Staff notes that consumers have no liability for a credit card unless they have accepted the card. A renewal card is not "accepted" until the consumer receives it. Industry practices that require activation of the card effectively protect the industry. Staff therefore is proposing to allow the issuance of a novelty card together with a standard card as a part of the renewal process. Staff solicits comments on whether this interpretation should exist without being restricted to renewals.
Payment Schedule Clarifications
The rules limiting the term of private mortgage insurance ("PMI") have produced nasty complications for escrow accounts and payment schedules. Truth in Lending requires disclosures to show the underlying legal obligation. Now that obligation includes termination of PMI at an anticipated point in the life of the loan. Because PMI is a finance charge, this means that the calculation of the finance charge and the payment schedule must reflect the correct number of PMI payments, given what is known and expected at settlement.
Staff is proposing ways to treat any PMI payments that are escrowed. The proposal relies on the underlying legal obligation. The payment schedule should include PMI up to the date when the law requires termination, even though the consumer might be able to request termination earlier. If there is an escrow account, and there usually is when PMI is involved, the question becomes how the escrowed payments should be treated.
The proposal uses an example of 130 expected PMI payments with a two-month escrow cushion. If the creditor will apply the two month-cushion to the final PMI payments, the payment schedule should show 128 PMI payments. However, if the lender will hold the escrow cushion and refund it when PMI is released, then the payment schedule should show 130 payments to PMI. 12 CFR 226.18(g)-5.
Finding the Right Treasury Index
No sooner did the regulators get out rules on predatory lending, including revisions to high-cost mortgage rules and HMDA reporting, than treasury dropped the most important index for mortgage lenders. This commentary proposal would provide answers the question everyone is asking: what index do I use if there isn't an exact match?
The proposed rule is fairly simple. First, use the closed index. Second, if there are two choices, use the lower one. The lower one ensures maximum capture of loans that could be considered predatory.
Lenders should use statistical release H-15 to find the correct index. Select the index that corresponds to the constant maturity that is closest to the loan's maturity. Do not use an index for average maturities.
"Bounce Protection" Plans Could Be Credit
The Commentary proposal doesn't stop with the usual updating issues. The FRB staff is using the commentary proposal to request comment on a new issue: whether bounce protection services should be treated as credit. This involves two questions. First, does the bounce protection plan meet the definition of credit? If so is it open-end or closed-end credit? Second, are the fees imposed finance charges? Both questions have to be answered in the affirmative if the plans are to be subject to Regulation Z.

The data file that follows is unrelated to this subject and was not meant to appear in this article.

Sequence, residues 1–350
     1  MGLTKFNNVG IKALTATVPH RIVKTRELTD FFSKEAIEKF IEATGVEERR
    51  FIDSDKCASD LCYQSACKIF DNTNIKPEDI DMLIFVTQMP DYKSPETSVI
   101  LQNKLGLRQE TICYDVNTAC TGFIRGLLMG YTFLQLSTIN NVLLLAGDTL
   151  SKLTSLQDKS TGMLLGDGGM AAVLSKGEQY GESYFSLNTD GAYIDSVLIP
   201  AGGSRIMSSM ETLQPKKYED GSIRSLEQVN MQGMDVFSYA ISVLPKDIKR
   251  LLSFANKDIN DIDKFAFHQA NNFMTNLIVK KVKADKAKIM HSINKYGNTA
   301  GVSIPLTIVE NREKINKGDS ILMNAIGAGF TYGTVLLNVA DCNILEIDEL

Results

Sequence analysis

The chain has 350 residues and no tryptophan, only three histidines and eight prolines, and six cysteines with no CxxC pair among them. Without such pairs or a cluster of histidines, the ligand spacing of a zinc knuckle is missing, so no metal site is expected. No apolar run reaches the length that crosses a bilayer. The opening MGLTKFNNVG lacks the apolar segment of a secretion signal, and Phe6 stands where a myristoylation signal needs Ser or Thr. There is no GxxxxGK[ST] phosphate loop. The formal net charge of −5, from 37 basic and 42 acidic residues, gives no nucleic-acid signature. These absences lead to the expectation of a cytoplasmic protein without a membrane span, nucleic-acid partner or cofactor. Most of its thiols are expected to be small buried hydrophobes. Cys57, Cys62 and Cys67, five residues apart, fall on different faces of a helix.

Meeting the definition of credit - open-end credit at that - is fairly easily accomplished. The plan allows the customer to incur debt and defer its payment. It also creates a renewable credit line. The trick lies in whether the fees are finance charges. The FRB is seeking comment on how such programs are structured and how the programs should be treated under Truth in Lending.
Driving this attention from the FRB is the concern that bounce protection programs actually function as payday lending or other short-term, high-cost credit. This brings the practice under the umbrella of possible unfair or deceptive practices. Presenting what is functionally a credit program as a "deposit service" without telling the customer the credit-comparable cost could be considered a deceptive practice.
- If your institution is affected by the proposal, get your comment letter in to the Federal Reserve by January 27, 2003.
- If you issue credit cards, review the procedures for issuing renewal cards. Be sure that there are adequate security measures in place to verify the customer's receipt and acceptance of the card.
- Review the calculations and disclosure of PMI on mortgage loans. Be sure you are getting the payment schedule right. Also check the APR and total finance charge while you're at it.
- Check your high-cost loan procedures. Be sure that operations is using the correct index for calculations - and for HMDA reporting.
Copyright © 2002 Compliance Action. Originally appeared in Compliance Action, Vol. 7, No. 15, 12/02
First published on 12/01/2002